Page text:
Now, who was most responsible for Israel’s victory (not including God)? It’s easy to see how different people in the story played a crucial role, but let’s be honest—Aaron and Hur had a pretty unexciting job.

Using this Bible story as a framework, let’s divide non-profit work into three categories. The first category we’ll call direct contact. This is the work that is the most visible: raising your hands so that God will grant your army victory, rescuing survivors from rubble, giving life-saving CPR, giving food to orphans, leading someone in prayer to place their faith in Christ, etc. Lives are saved and changed, and evil is thwarted. This is the “hero” job—the one that can feel the most rewarding and typically receives the most publicity and praise.

The second category we’ll call direct support. In other words, work that makes direct contact possible, like being an ambulance or fire truck driver (but not treating or rescuing anyone), cooking/donating the food given to orphans (but not being the one to give it to them), sharing the gospel with someone who doesn’t immediately place their faith in Christ, holding up Moses’ arms, etc.  This position doesn’t catch as much publicity, but some praise can still be garnered because it’s easy to see how it facilitates the “important” stuff.

Let’s call the third category support support, as in the work that makes direct support possible. It typically happens out of sight of and at a different time than direct contact work. These are jobs like ambulance engine maintenance, child sponsor, or the purse-carrier to one of the hundred guys who buys bronze to be made into swords and shields for the Israelite army (or however that worked). Support supporters are the accountants, the media makers and AV techs, the donation-sorters, box organizers, phone-answerers, coffee-getters, legal counsel, building managers, janitors, and much more. When they are volunteers, they can have a hard time seeing their significance in the bigger picture. When they are paid, we sometimes call them overhead.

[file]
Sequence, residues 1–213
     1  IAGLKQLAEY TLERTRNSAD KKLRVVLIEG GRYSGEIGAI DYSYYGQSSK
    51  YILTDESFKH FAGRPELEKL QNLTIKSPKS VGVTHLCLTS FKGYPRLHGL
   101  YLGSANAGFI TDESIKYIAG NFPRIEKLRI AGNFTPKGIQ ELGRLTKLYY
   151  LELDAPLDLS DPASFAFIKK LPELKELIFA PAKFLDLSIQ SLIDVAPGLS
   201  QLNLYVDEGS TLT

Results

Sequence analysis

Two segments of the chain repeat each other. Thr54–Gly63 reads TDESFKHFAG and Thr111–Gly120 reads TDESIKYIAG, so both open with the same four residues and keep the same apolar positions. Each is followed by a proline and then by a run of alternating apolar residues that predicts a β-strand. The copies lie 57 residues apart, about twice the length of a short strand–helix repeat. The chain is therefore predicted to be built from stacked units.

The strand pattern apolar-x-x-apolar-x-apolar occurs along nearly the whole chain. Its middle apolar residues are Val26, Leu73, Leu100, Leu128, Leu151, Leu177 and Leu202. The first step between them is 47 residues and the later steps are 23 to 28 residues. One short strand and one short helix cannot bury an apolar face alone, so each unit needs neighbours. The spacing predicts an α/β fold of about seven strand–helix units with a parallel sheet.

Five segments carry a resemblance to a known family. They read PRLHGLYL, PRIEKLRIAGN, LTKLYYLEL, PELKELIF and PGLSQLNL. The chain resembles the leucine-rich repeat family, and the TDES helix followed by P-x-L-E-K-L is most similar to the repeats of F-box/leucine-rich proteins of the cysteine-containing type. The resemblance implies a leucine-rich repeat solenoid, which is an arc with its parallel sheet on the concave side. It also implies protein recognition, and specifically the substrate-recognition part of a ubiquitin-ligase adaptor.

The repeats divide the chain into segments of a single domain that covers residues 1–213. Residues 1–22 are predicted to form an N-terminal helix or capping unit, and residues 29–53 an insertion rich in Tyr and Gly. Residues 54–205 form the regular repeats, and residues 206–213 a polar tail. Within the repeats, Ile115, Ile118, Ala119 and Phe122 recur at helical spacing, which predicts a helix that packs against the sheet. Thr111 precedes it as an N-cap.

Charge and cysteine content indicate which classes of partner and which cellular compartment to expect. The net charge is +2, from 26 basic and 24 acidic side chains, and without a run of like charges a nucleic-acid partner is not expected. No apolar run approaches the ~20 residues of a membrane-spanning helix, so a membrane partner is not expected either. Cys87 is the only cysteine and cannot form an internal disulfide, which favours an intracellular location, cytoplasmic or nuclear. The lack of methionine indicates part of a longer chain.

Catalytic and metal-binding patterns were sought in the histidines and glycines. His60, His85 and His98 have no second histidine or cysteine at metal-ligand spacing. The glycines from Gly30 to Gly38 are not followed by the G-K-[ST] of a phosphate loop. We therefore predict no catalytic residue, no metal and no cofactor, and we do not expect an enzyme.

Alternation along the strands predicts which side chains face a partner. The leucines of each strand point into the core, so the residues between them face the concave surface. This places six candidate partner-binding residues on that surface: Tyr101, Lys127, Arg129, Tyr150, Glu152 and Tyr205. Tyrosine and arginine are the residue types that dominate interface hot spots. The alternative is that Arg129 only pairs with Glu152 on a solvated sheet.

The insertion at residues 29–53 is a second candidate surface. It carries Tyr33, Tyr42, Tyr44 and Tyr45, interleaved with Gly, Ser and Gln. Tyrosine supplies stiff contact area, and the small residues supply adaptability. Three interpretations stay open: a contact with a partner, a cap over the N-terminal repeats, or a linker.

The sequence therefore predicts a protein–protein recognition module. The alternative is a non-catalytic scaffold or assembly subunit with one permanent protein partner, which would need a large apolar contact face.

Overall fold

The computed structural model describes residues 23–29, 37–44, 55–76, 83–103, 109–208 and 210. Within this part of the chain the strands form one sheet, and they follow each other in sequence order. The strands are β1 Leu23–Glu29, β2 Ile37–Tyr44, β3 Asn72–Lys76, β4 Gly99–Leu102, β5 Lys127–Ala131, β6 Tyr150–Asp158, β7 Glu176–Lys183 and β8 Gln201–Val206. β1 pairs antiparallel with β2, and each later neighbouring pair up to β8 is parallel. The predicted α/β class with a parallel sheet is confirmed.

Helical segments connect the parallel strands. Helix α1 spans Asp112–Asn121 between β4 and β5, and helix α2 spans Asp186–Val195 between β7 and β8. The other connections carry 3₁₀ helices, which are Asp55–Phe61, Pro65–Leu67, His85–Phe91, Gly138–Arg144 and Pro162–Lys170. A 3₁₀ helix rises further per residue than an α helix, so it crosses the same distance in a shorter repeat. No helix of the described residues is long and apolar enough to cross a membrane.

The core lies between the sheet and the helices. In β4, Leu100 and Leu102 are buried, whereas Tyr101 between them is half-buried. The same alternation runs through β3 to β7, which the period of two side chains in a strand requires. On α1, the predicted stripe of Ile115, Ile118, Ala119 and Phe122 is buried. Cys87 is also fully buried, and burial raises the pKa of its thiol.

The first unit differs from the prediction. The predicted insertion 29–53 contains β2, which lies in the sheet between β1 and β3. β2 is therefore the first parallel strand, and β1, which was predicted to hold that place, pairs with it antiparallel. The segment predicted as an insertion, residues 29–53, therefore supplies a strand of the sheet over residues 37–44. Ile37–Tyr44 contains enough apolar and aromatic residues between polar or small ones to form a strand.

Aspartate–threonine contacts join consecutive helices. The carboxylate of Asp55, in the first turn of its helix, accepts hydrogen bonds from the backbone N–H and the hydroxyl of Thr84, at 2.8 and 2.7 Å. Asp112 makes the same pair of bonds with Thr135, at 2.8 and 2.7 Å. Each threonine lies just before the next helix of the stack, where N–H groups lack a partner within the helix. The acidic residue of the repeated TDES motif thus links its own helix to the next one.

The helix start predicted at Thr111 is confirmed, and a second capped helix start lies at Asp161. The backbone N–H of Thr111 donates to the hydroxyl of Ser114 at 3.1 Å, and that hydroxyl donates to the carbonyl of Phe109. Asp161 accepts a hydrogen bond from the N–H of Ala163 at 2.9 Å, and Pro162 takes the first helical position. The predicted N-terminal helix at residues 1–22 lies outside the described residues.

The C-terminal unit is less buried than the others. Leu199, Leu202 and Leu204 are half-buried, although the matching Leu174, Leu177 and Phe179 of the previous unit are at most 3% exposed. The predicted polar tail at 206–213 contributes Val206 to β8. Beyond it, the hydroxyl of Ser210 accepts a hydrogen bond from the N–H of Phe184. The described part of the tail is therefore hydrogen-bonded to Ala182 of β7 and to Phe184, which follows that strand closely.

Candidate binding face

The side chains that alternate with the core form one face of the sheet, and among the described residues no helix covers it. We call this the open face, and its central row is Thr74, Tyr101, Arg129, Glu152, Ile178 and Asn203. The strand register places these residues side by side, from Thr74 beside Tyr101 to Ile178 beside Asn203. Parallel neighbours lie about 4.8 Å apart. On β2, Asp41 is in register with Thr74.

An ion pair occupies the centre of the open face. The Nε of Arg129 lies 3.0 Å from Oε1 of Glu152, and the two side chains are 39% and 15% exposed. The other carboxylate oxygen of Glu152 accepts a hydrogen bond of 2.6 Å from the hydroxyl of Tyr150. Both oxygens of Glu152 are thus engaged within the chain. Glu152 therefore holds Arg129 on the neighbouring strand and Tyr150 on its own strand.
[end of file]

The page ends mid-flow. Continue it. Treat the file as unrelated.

For the most part, support supporters aren’t heroes on their own, but their combined, organized force can be a critical part of making things happen. If we relate this to a human body, we see a great example in blood—a single blood cell has little to brag about, but blood is obviously vital to everything the body does.

So the “insignificant” support supporter who brags about their contributions is probably exaggerating, but they do contribute in a meaningful way. But isn’t the same true for the direct contactor, who is supported by an army of “blood cell”-level people? I think this is what the Apostle Paul means in Romans:

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For by the grace given to me I say to everyone among you not to think of himself more highly than he ought to think, but to think with sober judgment, each according to the measure of faith that God has assigned. (12:3)

Sometimes you might be called to be Moses. Other times, you might be called to be Hur. Or a blood cell. Whatever your position, work diligently and judge carefully your true significance—you are valuable in whatever area you serve, but as one of many parts. Don’t assume you’re worthless; don’t assume you’re the star.